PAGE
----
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Poet and writer (b. ?, Crete – d. 2 October 1798, Berlin). He came to İstanbul after spending all the inheritance from his father on a bohemian lifestyle. After taking several jobs in İstanbul, Chios Island and Belgrade, he died in Berlin, to where he had been sent as the Ambassador to Prussia in 1796 and was buried in a Muslim cemetery.

Varidat (Inspirations), in which he compiled his Turkish and Persian poetry, is a mystic work. It can be understood from his expression in this work that he had close links to the Bektashi order and is knowledgeable of monotheism philosophy. Muhayyelat (Happenings in a Dream), which made him famous, comprises three tales that carry the characteristics of the tales of “1000 Nights” and stories written in Hebrew, Syriac and other languages. The work is as much original and important as it is new regarding the composition style, genre, terminology and description. In addition, its western style and complex features sets it aside from other works of that type. In Aziz’s poems can be seen traces of Islamic mysticism. He had a great knowledge of Persian and Iranian literature.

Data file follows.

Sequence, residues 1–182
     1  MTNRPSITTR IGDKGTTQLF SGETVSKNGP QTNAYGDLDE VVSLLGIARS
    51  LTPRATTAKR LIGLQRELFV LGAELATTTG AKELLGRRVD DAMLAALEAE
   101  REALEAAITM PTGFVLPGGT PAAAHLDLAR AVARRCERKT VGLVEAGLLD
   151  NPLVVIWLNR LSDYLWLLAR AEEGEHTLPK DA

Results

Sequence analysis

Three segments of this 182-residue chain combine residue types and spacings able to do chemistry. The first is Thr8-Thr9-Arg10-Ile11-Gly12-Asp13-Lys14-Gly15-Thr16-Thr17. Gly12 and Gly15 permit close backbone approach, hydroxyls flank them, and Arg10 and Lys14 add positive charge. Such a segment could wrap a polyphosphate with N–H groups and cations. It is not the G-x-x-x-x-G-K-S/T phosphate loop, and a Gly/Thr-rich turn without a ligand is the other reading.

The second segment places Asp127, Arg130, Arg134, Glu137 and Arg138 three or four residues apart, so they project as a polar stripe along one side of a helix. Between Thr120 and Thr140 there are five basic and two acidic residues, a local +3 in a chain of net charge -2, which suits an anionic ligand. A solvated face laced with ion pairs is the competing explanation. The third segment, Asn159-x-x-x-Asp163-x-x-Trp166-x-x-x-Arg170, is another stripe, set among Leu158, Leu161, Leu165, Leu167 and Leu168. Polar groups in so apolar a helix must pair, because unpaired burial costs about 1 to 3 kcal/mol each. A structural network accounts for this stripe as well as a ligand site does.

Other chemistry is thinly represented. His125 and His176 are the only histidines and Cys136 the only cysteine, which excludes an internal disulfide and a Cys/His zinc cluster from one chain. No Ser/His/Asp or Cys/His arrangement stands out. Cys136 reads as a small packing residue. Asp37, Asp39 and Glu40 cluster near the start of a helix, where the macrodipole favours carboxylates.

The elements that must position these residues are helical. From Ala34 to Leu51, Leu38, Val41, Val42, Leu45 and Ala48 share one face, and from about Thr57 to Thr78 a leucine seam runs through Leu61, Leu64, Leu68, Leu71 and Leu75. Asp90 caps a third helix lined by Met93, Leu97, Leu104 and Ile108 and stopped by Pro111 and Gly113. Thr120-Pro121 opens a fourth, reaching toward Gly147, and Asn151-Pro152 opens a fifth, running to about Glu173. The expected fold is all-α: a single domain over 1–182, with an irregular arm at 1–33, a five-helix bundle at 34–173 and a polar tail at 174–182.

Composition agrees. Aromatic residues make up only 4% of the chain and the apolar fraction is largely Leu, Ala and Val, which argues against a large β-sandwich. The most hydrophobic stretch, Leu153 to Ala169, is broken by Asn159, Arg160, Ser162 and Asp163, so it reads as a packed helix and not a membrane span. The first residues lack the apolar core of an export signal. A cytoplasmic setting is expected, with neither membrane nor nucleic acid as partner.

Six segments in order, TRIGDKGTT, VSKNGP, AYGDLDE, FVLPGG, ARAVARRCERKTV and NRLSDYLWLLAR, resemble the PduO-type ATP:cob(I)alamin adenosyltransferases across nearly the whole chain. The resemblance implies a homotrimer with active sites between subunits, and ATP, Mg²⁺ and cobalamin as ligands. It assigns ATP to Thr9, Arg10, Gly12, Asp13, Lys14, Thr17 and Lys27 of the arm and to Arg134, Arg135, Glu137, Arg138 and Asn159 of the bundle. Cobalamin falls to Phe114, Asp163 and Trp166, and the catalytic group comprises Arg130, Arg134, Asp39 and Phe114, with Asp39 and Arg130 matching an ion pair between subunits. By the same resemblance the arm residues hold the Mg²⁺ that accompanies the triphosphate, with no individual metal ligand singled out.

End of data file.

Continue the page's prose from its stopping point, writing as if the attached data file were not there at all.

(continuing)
Muhayyelât (Happenings in a Dream, written in 1796, first edition in 1852, the last edition simplified by Ahmet Kabaklı was published by the Ministry of Culture in1973), Vâridat (Inspirations, his Turkish and Persian poetry, not published), Sandık Mecmuası (The Box Review, his poetry and philosophy 1873).